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Clin Gastroenterol Hepatol. 2015 Aug;13(8):1444-9.e1. doi: 10.1016/j.cgh.2015.02.019. Epub 2015 Feb 24.

Curcumin in Combination With Mesalamine Induces Remission in Patients With Mild-to-Moderate Ulcerative Colitis in a Randomized Controlled Trial.

Author information

1
Gastroenterology Department, Sheba Medical Center and Sackler School of Medicine, Tel-Aviv University, Tel-Hashomer, Israel.
2
Gastroenterology Department, Sheba Medical Center and Sackler School of Medicine, Tel-Aviv University, Tel-Hashomer, Israel; Complementary Medicine Service, Sheba Medical Center and Sackler School of Medicine, Tel-Aviv University, Tel-Hashomer, Israel. Electronic address: nironsl@gmail.com.
3
Institute of Digestive Disease and Hong Kong Institute of Integrative Medicine, Chinese University of Hong Kong, Hong Kong.
4
Complementary Medicine Service, Sheba Medical Center and Sackler School of Medicine, Tel-Aviv University, Tel-Hashomer, Israel.
5
Central IBD Clinic, Nicosia, Cyprus.

Abstract

BACKGROUND & AIMS:

The phytochemical compound curcumin was reported to be effective in maintaining remission in patients with ulcerative colitis (UC). We investigated curcumin's efficacy in inducing remission in patients with active mild-to-moderate UC.

METHODS:

We performed a multicenter randomized, placebo-controlled, double-blind study of 50 mesalamine-treated patients with active mild-to-moderate UC (defined by the Simple Clinical Colitis Activity Index [SCCAI]) who did not respond to an additional 2 weeks of the maximum dose of mesalamine oral and topical therapy. Patients were randomly assigned to groups who were given curcumin capsules (3 g/day, n = 26) or an identical placebo (n = 24) for 1 month, with continued mesalamine. The primary outcome was the rate of clinical remission (SCCAI ≤2) at week 4. Clinical and endoscopic responses were also recorded.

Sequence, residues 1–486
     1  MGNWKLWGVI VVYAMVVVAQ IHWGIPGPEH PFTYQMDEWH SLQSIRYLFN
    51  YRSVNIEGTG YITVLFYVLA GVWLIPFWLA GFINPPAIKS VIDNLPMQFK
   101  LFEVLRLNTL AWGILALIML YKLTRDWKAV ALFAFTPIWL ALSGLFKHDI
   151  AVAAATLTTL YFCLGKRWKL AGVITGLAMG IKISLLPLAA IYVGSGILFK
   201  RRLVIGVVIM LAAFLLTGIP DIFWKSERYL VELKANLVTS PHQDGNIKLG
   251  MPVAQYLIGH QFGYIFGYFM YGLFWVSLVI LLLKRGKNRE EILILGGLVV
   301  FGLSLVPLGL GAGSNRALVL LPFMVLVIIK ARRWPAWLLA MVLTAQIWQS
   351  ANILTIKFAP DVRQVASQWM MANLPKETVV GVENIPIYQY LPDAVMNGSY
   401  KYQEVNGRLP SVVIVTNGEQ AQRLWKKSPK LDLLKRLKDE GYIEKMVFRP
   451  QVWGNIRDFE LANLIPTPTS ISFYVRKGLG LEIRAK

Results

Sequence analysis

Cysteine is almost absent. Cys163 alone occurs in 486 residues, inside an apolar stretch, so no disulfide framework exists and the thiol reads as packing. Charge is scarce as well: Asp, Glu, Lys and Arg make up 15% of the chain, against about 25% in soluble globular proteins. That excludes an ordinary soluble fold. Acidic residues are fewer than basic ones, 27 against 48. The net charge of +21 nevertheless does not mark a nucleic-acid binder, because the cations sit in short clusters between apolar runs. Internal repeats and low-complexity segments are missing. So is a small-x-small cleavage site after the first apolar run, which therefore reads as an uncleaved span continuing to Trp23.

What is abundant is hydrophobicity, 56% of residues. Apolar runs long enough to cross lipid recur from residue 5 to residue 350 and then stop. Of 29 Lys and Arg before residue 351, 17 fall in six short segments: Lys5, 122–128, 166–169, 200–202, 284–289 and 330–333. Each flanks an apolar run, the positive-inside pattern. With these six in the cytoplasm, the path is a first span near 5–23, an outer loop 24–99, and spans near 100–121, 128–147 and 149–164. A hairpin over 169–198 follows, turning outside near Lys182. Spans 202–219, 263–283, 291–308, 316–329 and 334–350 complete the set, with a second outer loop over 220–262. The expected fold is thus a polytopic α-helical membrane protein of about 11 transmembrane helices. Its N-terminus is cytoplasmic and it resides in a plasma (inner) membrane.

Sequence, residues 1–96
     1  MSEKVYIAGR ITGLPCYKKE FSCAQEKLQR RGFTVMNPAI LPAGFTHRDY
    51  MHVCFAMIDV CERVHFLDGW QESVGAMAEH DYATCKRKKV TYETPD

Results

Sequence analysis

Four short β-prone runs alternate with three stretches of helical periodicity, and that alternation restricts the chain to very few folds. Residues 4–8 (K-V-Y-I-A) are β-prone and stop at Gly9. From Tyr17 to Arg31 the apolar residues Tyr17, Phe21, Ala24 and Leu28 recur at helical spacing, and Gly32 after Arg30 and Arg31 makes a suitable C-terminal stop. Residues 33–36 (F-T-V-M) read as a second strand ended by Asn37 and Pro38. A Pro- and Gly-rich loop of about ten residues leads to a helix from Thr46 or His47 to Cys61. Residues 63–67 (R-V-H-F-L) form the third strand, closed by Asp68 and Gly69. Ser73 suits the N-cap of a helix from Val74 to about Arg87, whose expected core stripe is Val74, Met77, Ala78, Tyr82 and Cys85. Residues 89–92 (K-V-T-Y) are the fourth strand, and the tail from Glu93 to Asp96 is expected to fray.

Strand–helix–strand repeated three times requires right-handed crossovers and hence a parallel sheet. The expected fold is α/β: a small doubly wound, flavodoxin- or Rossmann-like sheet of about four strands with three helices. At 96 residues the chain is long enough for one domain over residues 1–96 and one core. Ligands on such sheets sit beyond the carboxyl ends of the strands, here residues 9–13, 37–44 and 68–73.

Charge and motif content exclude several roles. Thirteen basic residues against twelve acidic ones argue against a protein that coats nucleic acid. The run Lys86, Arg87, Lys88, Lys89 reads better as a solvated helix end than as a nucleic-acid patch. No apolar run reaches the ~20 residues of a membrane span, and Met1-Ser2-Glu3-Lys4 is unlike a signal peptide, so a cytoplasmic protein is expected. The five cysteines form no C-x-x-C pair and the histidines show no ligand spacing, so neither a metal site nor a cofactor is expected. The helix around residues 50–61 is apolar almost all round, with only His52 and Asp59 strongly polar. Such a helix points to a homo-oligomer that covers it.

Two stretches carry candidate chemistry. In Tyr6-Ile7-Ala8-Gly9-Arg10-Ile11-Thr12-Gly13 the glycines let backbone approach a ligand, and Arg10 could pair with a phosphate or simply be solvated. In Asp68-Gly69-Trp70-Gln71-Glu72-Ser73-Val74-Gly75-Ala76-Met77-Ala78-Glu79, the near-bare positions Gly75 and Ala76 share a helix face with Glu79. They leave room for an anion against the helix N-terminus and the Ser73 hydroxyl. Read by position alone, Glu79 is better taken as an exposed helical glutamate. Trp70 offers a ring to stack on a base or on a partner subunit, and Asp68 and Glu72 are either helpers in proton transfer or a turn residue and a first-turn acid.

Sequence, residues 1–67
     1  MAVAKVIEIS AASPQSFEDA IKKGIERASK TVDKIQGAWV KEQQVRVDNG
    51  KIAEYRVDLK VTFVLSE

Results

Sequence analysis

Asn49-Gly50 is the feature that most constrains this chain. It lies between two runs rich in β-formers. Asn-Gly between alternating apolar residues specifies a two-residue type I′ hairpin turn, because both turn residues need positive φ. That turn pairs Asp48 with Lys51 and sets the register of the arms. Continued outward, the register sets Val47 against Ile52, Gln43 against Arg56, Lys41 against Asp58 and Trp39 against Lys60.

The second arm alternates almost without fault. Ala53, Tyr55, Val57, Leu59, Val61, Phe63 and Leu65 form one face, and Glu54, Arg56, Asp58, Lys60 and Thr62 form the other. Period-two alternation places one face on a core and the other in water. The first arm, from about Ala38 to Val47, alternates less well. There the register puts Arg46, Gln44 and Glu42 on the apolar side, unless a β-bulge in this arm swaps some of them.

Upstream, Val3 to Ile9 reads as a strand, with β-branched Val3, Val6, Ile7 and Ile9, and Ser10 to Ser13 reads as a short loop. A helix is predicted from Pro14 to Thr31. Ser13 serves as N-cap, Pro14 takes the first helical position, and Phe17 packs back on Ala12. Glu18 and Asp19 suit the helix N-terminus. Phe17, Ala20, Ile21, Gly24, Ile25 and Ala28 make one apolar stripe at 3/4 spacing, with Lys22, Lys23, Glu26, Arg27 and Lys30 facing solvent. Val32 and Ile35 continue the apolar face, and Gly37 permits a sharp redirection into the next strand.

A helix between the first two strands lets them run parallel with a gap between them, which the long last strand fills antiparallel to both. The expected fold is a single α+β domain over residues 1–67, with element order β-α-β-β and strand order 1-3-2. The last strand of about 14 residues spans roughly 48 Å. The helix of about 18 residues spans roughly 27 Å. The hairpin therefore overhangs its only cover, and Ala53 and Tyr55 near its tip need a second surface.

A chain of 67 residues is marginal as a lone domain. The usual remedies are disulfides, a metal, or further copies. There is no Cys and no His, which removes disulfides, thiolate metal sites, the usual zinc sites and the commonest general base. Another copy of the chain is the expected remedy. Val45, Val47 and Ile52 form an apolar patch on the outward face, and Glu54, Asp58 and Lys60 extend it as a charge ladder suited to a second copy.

RESULTS:

In the intention-to-treat analysis, 14 patients (53.8%) receiving curcumin achieved clinical remission at week 4, compared with none of the patients receiving placebo (P = .01; odds ratio [OR], 42; 95% confidence interval [CI], 2.3-760). Clinical response (reduction of ≥3 points in SCCAI) was achieved by 17 patients (65.3%) in the curcumin group vs. 3 patients (12.5%) in the placebo group (P < .001; OR, 13.2; 95% CI, 3.1-56.6). Endoscopic remission (partial Mayo score ≤1) was observed in 8 of the 22 patients evaluated in the curcumin group (38%), compared with none of 16 patients evaluated in the placebo group (P = .043; OR, 20.7; 95% CI, 1.1-393). Adverse events were rare and comparable between the 2 groups.

CONCLUSIONS:

Addition of curcumin to mesalamine therapy was superior to the combination of placebo and mesalamine in inducing clinical and endoscopic remission in patients with mild-to-moderate active UC, producing no apparent adverse effects. Curcumin may be a safe and promising agent for treatment of UC. Clinicaltrials.gov number: NCT01320436.

KEYWORDS:

Clinical Trial; IBD; Inflammatory Bowel Disease; Phytochemical

Comment in

PMID:
25724700
DOI:
10.1016/j.cgh.2015.02.019
[Indexed for MEDLINE]

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